The arrival of younger children in schools is positive once the center adapts, says Silvia Ferriols, director of the Vil·la Romana Public School in Catarroja, in Valencia. Although in her case, she says, “the beginning was terrible.” Due to a bureaucratic error, the Ministry of Education did not take into account the need to adapt a classroom and the layout of the rest of the children’s groups had to be reorganized to accommodate the new class. The director had to buy the “manipulative material” in August, and the educator (in the Valencian Community, classrooms for two-year-olds have a maximum of 18 students and a teacher and an educator take care of them) could not join until October. The first few weeks the school had to assign several additional teachers to attend the class, including the director, because “the children were very young and cried a lot,” recalls Ferriols.

After overcoming the initial difficulties, however, the opinion of the director is very good. “It is a pleasure. It is very nice to have such students in the school. They are great and participate in all school activities. But at first you can see that we have no experience with those ages. In fact, we were wrong. We plan the reception period [la incorporación progresiva del nuevo alumnado] like with the three-year-olds, and we realized that we had run too much. These kids need you to slow down. We have learned a lot of things”, says Ferriols.

The person in charge of a school in Madrid (where, unlike what happens in the rest of the communities, teachers very often ask that their names not be published for fear of having labor consequences) explains that her center was chosen by the Ministry of Education to implement the first cycle of children next year due to its low number of students. And that when they told him, they saw it well. “It was a way to make sure that they were not going to eliminate the school and the project seemed nice to us. But it is proving to be very difficult and hasty, and the directorates are assuming responsibilities for contracting, architecture, etc. that exceed our knowledge”.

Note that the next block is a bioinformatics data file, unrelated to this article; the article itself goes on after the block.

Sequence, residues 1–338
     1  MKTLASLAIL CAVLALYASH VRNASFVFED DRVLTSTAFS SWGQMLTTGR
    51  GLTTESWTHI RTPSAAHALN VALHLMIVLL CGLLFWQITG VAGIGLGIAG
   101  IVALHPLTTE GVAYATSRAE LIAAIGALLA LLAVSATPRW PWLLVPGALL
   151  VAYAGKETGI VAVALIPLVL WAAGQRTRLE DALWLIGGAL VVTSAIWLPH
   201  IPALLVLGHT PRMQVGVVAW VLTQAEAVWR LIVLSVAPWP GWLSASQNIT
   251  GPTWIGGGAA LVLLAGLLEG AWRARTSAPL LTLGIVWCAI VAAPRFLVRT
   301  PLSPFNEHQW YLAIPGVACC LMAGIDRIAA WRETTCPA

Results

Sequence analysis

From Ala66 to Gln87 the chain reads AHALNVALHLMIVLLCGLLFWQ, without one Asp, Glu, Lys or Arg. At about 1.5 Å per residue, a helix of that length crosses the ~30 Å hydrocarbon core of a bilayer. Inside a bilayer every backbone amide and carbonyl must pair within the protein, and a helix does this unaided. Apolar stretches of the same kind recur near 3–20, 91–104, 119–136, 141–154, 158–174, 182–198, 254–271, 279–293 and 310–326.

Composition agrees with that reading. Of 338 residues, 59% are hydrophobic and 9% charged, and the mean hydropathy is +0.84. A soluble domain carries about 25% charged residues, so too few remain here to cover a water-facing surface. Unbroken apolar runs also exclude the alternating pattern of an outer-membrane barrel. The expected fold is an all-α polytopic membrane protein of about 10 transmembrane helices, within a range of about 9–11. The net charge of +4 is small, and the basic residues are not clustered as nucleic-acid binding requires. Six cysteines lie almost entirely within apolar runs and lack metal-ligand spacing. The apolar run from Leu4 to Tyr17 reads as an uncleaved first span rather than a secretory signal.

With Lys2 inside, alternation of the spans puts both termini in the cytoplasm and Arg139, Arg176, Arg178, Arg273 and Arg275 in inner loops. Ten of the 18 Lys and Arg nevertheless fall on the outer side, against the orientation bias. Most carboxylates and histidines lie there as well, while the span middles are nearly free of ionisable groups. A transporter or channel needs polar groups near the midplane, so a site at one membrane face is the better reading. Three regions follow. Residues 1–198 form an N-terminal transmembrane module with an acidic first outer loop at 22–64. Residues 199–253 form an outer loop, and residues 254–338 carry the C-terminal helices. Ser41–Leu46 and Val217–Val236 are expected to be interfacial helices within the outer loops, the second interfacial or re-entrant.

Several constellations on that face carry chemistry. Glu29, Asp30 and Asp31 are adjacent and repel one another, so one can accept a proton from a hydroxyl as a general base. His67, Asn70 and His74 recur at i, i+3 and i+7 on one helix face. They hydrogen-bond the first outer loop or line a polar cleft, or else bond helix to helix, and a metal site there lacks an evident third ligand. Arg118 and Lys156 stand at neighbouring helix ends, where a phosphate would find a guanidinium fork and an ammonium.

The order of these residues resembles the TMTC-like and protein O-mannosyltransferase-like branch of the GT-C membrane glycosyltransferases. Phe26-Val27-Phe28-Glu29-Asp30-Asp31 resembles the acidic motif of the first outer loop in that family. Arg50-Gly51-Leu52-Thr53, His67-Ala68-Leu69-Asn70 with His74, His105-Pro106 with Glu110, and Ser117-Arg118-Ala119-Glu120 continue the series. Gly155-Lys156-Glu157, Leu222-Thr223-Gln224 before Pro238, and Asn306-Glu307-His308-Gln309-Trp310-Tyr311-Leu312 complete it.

The director of another school in Madrid adds: “It is a different job from what we have been doing, especially with babies. We will not only have to worry about teaching, but about issues such as sleep, changing diapers, food allergies…”. The response from families is being good and most groups are full. Mari Carmen Morillas, president of the Giner de los Ríos family federation in Madrid, adds: “Well organized, it is an interesting proposal. What we hope is that the classrooms that are going to receive these children are finished in September”.

Classroom for two years at the Vil·la Romana school in Catarroja.
Classroom for two years at the Vil·la Romana school in Catarroja.KIKE TABERNER

A fast and efficient way to expand the network

The formula offers the advantage of allowing a very rapid increase in public places for the first levels of childhood, says Miguel Soler, the Valencian regional secretary for Education. And it allows savings by taking advantage of the classrooms that are empty due to lack of students, adds José Saturnino García, director of the Canarian Agency for Educational Quality and Evaluation: “One of the problems of early childhood education is that building new schools in places where there may be demand , like city centers, is very expensive for a real estate issue”. Most of the published studies, continues García, agree that schooling in the first years of life offers a great long-term academic and social return, especially in children born into vulnerable families, in addition to facilitating work-life balance.

The measure, on the other hand, worries private nursery schools. Ignacio Grima, president of the employers’ association Acade, commented on Friday: “The situation is dramatic. Today two other schools have told me that they do not see the point in opening the next course. In this context they cannot compete or do anything. And it seems tremendously unfair to us that for so many years, when there was no public capacity, private schools have been providing this service to families, and now they are not taken into account.”